There’s a good chance your bank was chosen for you when you were young by your parents or by a youth savings scheme (holler at us, Dollarmites!). Over the years, that’s probably the bank where you got your first debit card, credit card, loan and maybe even mortgage. After all, if it ain’t broke, don’t fix it.

And we’re not saying you shouldn’t stick with a bank you know and trust. But we are saying it’s okay to cheat.

All banks have different selling points, and you can (and should!) take advantage of that.

For example, perhaps your main bank offers you a credit card with an excellent rewards scheme – you get free travel insurance and airpoints on every purchase. Of course you want to stick with them.

But if they don’t offer a good savings interest rate, you could move your money to a bank with a sexier rate to make it work harder for you. Plus, you might find having it in a separate bank makes it easier for you to save.

If you have a larger chunk of money, you may want to put it in a term deposit. If you’re locking your money away for any length of time, you definitely want to find the best rate – and if that’s in a third bank, then open an account there!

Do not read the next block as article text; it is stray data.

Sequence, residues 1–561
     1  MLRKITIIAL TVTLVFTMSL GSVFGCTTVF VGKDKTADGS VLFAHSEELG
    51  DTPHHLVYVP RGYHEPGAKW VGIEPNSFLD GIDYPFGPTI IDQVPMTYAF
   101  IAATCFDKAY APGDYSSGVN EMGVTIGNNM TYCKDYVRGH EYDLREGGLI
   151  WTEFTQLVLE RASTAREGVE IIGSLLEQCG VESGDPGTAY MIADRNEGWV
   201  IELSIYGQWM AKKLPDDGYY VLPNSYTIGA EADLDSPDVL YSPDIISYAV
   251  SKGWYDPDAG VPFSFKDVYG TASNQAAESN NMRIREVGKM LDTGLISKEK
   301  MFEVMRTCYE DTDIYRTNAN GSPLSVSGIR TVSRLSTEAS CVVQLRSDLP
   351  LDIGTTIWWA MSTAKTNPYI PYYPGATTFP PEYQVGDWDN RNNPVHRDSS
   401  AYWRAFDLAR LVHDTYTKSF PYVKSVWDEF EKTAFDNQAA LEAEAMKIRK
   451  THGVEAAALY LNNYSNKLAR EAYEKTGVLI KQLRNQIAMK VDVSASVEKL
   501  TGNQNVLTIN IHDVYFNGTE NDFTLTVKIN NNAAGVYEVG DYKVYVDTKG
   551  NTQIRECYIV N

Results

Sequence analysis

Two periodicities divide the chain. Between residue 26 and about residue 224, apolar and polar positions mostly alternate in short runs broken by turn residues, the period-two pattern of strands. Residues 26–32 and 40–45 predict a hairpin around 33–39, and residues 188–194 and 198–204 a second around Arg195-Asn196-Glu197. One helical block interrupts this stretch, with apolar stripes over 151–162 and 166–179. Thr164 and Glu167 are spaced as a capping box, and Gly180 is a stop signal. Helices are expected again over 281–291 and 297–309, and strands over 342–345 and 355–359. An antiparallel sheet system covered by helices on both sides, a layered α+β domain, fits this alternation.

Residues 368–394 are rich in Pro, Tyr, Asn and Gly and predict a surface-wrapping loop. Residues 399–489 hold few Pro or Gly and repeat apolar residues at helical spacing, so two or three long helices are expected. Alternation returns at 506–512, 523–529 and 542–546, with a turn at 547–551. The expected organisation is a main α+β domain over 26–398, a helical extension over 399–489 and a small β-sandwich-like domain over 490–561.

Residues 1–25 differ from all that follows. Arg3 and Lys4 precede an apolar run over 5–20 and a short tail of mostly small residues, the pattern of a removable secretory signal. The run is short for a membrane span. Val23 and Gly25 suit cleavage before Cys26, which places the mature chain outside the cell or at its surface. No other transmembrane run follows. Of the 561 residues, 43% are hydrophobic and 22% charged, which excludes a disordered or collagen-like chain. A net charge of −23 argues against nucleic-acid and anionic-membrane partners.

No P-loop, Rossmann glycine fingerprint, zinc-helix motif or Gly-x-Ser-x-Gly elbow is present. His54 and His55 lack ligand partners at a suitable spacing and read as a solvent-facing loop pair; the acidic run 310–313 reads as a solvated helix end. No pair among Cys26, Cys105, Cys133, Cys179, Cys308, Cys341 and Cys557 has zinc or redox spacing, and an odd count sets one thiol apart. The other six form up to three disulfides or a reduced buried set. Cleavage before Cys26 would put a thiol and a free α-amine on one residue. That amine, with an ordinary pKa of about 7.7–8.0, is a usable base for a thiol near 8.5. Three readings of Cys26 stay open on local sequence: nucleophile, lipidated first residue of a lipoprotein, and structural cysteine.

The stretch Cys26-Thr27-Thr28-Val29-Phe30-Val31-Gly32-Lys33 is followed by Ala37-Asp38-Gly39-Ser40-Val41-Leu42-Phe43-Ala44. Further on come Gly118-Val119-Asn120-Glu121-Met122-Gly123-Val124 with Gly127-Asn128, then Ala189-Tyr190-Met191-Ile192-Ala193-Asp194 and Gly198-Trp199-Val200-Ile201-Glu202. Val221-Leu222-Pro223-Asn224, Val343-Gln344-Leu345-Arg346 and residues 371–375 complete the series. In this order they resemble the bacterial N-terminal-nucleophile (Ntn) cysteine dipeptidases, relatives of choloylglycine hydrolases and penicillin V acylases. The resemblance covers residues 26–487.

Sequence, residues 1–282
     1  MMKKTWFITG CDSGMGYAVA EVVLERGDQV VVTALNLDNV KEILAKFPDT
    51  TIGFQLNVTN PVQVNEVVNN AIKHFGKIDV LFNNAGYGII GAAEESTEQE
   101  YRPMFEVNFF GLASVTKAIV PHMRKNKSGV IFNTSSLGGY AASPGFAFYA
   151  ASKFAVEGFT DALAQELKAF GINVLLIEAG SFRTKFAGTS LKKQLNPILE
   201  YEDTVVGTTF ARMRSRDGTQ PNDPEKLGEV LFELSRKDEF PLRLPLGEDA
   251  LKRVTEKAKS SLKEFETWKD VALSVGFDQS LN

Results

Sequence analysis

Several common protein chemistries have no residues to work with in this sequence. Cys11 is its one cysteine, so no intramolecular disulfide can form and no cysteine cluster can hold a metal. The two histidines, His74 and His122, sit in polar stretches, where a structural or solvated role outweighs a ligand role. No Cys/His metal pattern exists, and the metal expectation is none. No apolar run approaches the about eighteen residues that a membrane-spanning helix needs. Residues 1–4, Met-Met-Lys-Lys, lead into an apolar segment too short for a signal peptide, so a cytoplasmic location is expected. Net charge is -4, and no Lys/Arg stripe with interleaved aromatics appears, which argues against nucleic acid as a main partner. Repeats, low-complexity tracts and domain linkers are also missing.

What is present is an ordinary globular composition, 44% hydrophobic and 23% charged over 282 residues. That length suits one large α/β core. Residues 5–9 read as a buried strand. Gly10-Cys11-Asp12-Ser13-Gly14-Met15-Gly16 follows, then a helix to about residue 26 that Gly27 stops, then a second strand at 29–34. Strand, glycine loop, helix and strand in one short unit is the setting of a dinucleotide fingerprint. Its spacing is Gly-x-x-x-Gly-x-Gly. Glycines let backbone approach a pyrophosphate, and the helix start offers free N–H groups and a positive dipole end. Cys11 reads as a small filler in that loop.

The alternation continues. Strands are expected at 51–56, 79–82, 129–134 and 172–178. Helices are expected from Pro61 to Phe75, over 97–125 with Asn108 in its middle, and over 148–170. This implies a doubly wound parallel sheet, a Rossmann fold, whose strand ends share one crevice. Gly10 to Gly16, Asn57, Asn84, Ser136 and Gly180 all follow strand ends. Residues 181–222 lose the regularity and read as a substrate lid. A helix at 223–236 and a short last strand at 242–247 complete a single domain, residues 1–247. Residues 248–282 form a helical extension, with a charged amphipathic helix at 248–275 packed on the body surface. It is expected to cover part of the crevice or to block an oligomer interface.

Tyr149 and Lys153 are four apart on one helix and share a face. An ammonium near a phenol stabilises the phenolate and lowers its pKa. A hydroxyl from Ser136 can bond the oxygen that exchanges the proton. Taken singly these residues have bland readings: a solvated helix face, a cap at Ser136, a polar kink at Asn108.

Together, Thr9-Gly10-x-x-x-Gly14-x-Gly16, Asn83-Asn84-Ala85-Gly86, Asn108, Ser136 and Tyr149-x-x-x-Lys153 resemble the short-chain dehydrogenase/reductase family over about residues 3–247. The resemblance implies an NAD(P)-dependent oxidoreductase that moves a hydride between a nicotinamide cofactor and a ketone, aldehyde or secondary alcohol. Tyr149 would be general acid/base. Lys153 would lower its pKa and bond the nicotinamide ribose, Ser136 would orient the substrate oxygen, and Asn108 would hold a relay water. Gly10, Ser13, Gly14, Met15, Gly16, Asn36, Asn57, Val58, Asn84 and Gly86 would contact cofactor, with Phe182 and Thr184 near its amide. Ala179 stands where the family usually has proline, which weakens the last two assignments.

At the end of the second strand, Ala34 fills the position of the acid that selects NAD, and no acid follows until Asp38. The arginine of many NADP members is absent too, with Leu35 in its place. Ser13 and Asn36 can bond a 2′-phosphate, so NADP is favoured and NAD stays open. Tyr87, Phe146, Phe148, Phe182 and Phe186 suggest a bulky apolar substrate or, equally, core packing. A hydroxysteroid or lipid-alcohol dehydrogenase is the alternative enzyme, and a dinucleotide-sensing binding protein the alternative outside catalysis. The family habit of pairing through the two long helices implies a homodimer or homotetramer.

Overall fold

Plus, if you’re trying to get on top of credit card payments, you might want to cut up one credit card and move the debt to a bank offering interest-free balance transfers to give yourself breathing room.

Other points that might make you consider cheating on your bank include: cash back schemes; free or cheap overseas transactions and withdrawals; or an in-house brokerage service.

Check out comparison sites, such as Finder, CanStar, InfoChoice and Mozo, and read customer reviews or talk to friends about banks that look good. Watch for blackboard specials on things like term deposit rates and credit card deals – you may stumble on something very tempting.

However, just as with cheating in real life (which we do not condone!), don’t get caught out.

      Don’t have multiple credit cards if they don’t benefit you enough to justify paying the annual fee on all of them – and certainly don’t rack up debt on all of them.

      Be sure to check back in on term deposits before the term ends, or you risk being rolled over at a lower rate. Shop around again and find another bank that will treat you better.

      Check you aren’t paying monthly fees. Paying fees on several accounts will eat away at your assets.

To finish, remember that it’s also okay to end things with a bank. If they aren’t treating you right, if you’ve grown apart, or if you feel like you have too many on the go at once, just close your account. It’s your money, and you get to choose where it goes.

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